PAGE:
**Description**

Mechanistic mathematical models are a fundamental tool in science and engineering to describe complex systems. Starting from first principles, this type of models provide a mathematical representation of non-linear mechanisms. In this course, we introduce the statistical notions required to fit mechanistic models to empirical data. For this purpose, we review the most well-known methods for fitting this type of models like least squares, maximum likelihood estimation and Bayesian methods. Then, we apply these methods to several case studies in biological sciences using differential equations models and we provide code in R for each case. Prior knowledge of the R programming language and Bayesian methods is helpful but not necessary.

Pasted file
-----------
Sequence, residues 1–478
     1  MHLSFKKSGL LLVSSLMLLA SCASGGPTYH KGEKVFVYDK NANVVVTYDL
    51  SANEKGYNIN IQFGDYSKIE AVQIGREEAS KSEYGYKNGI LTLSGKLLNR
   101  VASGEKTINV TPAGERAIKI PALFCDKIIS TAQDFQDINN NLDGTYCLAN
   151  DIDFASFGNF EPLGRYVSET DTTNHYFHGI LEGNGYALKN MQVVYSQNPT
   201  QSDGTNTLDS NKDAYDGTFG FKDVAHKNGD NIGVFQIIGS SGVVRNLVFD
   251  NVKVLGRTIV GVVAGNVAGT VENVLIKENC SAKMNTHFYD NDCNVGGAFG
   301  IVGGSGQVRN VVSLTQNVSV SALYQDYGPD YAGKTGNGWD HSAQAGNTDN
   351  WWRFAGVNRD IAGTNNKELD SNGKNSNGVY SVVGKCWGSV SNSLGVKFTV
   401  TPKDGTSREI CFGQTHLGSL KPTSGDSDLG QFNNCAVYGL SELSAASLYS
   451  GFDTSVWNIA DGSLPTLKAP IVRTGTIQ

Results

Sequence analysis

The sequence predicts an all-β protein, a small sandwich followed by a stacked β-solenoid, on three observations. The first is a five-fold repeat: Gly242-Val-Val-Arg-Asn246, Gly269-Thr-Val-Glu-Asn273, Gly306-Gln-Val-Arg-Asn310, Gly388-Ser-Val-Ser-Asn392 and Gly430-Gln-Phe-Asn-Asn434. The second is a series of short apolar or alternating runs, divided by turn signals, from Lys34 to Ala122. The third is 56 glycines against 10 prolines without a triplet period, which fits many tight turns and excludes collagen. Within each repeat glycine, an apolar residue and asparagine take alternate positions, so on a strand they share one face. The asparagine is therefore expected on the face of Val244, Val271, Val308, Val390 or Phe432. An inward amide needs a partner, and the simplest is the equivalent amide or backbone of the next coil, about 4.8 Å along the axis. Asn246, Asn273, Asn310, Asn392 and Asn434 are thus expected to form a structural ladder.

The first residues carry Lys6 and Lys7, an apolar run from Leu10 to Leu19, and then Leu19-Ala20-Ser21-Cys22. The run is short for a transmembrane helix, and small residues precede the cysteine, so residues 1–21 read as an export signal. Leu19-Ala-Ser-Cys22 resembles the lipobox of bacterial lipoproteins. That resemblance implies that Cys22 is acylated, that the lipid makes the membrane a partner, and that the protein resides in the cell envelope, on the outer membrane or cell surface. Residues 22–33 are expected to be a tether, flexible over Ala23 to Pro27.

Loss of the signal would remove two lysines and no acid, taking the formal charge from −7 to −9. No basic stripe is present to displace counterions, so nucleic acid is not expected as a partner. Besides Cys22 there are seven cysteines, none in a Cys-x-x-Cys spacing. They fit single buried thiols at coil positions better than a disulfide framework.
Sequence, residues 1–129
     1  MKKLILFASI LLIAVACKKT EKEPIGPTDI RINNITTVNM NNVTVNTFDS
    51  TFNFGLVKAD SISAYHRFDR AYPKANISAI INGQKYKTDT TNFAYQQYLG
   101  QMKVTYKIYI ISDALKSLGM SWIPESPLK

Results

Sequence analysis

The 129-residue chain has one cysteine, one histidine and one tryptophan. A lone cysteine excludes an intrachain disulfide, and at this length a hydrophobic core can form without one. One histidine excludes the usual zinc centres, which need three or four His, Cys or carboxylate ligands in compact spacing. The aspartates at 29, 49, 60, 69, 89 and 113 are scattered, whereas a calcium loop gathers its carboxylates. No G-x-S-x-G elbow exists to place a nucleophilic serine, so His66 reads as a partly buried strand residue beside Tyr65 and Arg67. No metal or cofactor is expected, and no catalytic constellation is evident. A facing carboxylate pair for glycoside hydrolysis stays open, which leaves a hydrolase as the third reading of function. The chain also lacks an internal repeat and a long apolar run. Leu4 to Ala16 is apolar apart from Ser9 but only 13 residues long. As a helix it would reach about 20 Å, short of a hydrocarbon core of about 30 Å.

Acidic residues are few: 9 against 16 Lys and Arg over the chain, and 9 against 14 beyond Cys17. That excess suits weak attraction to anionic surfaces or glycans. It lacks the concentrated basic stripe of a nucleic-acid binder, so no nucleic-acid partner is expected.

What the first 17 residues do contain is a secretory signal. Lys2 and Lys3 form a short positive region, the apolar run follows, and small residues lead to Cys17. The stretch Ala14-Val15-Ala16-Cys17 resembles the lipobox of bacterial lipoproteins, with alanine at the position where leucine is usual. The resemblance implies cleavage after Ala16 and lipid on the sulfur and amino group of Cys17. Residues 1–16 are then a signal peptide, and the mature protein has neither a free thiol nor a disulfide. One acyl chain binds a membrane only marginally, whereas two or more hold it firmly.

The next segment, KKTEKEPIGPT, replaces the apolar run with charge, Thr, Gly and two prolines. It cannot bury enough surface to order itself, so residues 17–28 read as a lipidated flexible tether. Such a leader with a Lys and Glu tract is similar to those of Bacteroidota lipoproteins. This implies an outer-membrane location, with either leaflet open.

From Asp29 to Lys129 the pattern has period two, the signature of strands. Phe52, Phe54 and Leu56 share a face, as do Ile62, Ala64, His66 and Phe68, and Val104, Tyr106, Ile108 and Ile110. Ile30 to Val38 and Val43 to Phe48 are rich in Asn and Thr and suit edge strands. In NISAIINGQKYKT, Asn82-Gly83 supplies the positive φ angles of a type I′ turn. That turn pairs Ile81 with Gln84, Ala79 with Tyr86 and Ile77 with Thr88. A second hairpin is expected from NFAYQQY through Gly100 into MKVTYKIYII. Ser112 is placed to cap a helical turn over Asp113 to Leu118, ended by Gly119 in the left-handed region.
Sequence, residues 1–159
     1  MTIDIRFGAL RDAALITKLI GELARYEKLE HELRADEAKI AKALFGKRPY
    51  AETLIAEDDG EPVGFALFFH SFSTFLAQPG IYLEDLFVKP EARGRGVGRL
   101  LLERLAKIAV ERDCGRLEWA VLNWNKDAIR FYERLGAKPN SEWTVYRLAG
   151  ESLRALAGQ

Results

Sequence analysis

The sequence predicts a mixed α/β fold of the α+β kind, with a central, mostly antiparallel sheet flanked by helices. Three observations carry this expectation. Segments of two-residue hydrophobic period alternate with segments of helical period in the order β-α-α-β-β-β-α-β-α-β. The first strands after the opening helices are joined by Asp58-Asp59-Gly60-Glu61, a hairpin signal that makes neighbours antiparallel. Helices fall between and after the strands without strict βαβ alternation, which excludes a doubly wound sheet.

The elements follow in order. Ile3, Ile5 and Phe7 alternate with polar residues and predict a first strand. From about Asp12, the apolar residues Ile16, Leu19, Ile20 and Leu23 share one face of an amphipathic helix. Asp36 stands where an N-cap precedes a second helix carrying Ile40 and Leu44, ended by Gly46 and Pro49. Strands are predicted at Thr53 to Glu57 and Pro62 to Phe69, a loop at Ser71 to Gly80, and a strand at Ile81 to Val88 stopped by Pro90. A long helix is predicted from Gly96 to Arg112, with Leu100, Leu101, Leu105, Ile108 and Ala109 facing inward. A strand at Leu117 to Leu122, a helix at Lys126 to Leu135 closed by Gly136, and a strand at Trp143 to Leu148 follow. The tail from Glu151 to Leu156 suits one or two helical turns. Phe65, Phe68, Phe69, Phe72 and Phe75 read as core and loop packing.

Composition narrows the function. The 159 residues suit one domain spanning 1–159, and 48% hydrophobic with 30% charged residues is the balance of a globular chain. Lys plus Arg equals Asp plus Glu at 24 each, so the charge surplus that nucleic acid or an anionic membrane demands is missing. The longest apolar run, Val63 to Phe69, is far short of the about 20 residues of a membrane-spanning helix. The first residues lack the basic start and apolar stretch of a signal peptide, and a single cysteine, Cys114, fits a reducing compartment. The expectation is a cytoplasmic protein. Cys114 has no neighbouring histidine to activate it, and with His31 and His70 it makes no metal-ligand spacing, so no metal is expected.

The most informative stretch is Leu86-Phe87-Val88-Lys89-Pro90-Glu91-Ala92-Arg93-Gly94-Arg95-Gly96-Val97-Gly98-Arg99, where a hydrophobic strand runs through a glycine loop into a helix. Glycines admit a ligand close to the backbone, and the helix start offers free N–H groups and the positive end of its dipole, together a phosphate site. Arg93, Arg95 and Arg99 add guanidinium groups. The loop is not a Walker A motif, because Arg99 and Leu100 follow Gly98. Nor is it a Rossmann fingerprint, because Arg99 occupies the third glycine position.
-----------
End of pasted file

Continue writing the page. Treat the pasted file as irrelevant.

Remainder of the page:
**Syllabus**

**9 AM-10:30 AM Session:**

- R basics.
- Linear regression by least squares and maximum likelihood estimation.

**10:45 AM-12:15 PM Session:**

- Bayesian principles for model fitting.
- Case Study: Linear regression in STAN.

**1 PM-2:30 PM Session:**

- Differential equations basics.
- Generation of informative and partially-informative priors.
- Case study: Logistic growth model.

**2:45-4:30 PM Session:**

- Case study: Susceptible-Infectious-Recovered (SIR) model.
- Case study: Pharmacokinetics/pharmacodynamics (PK/PD) model.